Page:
GitHub: How An Open Source Programming Tool With A Funny Name Could Help Revolutionize Medical Research

Joyce Lee | The Health Care Blog | July 28, 2013

Most people I work with in medicine have never heard of GitHub .

For the unfamiliar, GitHub is an online repository, which is an essential tool used by computer programmers to store their programming code.  It has a number of virtues, including giving users the ability to track multiple versions of their code (sort of like remembering all the track changes you ever made to your word document).  This is an essential tool for programmers but its value goes beyond its function as a track changes repository, as it is a site that facilitates open source collaboration, given its “social” features, similar to social networks like Facebook or Twitter, in which you follow the content of others or others follow you.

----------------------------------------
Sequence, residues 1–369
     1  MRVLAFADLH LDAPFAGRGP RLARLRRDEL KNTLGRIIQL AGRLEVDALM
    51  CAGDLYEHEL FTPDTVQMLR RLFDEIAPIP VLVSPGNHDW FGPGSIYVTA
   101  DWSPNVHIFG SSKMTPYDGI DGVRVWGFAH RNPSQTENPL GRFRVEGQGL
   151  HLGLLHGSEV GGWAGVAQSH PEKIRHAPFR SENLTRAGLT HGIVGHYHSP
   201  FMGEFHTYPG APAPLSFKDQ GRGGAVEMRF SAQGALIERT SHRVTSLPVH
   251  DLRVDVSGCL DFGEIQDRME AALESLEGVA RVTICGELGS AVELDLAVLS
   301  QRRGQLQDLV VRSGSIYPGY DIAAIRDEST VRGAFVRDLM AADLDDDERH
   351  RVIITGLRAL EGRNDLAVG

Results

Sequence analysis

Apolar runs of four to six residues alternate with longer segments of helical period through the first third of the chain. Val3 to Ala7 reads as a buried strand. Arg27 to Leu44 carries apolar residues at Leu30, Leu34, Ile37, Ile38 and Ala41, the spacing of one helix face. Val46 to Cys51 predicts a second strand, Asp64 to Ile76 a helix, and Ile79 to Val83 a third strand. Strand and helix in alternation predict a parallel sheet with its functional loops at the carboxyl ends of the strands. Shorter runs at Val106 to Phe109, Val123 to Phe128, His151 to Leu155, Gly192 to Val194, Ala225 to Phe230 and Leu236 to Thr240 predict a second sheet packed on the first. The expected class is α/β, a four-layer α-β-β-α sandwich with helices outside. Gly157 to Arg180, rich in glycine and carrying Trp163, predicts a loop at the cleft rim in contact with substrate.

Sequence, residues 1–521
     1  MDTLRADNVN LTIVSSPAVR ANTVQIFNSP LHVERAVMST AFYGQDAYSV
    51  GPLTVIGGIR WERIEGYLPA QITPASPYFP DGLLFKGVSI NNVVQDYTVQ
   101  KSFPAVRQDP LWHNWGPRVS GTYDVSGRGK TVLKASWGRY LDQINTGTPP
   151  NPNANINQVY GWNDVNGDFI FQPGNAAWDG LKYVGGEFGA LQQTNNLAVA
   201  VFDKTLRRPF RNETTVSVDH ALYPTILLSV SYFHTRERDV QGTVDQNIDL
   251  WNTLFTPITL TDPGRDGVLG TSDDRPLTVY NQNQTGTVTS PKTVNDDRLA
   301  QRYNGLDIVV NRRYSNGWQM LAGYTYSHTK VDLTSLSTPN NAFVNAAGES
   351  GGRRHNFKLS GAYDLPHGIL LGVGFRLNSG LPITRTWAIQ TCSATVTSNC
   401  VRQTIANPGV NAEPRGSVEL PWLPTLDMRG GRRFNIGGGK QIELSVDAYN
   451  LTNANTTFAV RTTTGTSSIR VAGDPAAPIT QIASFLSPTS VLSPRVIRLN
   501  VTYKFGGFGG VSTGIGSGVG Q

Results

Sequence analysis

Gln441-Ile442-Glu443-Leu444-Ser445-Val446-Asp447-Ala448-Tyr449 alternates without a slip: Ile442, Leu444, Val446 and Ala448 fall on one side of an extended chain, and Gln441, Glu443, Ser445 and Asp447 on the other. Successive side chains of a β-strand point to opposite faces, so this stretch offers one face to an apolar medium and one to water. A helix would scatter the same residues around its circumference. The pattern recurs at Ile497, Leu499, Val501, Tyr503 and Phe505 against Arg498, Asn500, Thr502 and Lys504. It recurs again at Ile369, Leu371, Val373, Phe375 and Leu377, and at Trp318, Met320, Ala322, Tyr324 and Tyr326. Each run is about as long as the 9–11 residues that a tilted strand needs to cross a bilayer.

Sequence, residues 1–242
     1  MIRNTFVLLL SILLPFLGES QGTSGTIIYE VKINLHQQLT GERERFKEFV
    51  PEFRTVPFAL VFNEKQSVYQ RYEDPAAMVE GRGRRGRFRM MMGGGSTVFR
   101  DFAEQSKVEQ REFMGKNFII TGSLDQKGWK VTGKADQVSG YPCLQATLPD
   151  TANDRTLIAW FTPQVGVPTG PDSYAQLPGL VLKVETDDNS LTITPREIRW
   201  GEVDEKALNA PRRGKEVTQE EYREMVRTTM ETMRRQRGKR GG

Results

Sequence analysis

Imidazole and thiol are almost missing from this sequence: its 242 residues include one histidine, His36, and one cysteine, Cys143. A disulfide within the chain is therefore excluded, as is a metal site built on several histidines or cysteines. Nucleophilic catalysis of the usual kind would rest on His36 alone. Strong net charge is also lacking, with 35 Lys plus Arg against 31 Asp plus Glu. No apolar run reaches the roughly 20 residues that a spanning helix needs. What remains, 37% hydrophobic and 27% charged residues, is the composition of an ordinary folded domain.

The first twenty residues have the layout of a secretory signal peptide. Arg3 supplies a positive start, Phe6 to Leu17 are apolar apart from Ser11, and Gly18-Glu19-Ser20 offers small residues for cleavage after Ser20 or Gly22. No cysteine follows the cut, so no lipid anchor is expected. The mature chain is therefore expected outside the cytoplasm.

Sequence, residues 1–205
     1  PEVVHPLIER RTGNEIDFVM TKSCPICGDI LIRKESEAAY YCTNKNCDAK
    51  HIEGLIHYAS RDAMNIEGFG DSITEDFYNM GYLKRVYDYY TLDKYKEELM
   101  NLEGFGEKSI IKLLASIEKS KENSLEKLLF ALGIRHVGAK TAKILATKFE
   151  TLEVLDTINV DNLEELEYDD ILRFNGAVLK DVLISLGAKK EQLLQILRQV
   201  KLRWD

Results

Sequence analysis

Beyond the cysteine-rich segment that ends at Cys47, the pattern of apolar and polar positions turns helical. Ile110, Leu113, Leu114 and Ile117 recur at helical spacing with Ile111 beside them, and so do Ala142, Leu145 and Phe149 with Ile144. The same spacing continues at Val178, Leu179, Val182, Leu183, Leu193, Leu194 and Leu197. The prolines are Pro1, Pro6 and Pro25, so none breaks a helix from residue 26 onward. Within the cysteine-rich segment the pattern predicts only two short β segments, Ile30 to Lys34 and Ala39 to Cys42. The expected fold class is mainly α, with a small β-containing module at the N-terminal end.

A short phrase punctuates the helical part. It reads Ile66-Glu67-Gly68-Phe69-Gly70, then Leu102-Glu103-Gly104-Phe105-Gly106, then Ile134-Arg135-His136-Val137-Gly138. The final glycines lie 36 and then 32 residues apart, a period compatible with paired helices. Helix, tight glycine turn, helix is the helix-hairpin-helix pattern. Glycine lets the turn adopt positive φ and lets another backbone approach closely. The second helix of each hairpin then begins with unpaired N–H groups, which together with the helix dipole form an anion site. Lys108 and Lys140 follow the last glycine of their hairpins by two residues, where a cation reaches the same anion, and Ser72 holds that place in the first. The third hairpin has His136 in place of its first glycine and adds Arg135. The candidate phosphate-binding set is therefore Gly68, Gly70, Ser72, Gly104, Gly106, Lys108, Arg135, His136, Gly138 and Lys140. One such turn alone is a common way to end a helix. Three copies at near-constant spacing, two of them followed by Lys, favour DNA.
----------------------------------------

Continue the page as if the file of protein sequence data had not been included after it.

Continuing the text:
The most amazing thing about GitHub is that many users post their code (their work, their blood, sweat, and tears) publicly on their GitHub profile.  Individuals will comment on others code, providing valuable input that the owner of the code can use to improve their work.  In addition,  can “fork” another person’s code repository, and work directly on the code in their own Github profile to make changes or improvements, sort of like a tag team collaboration. GitHub is the tool to help facilitate large-scale open source collaboration for the software/web programming world (such as that which lead to the Linux revolution).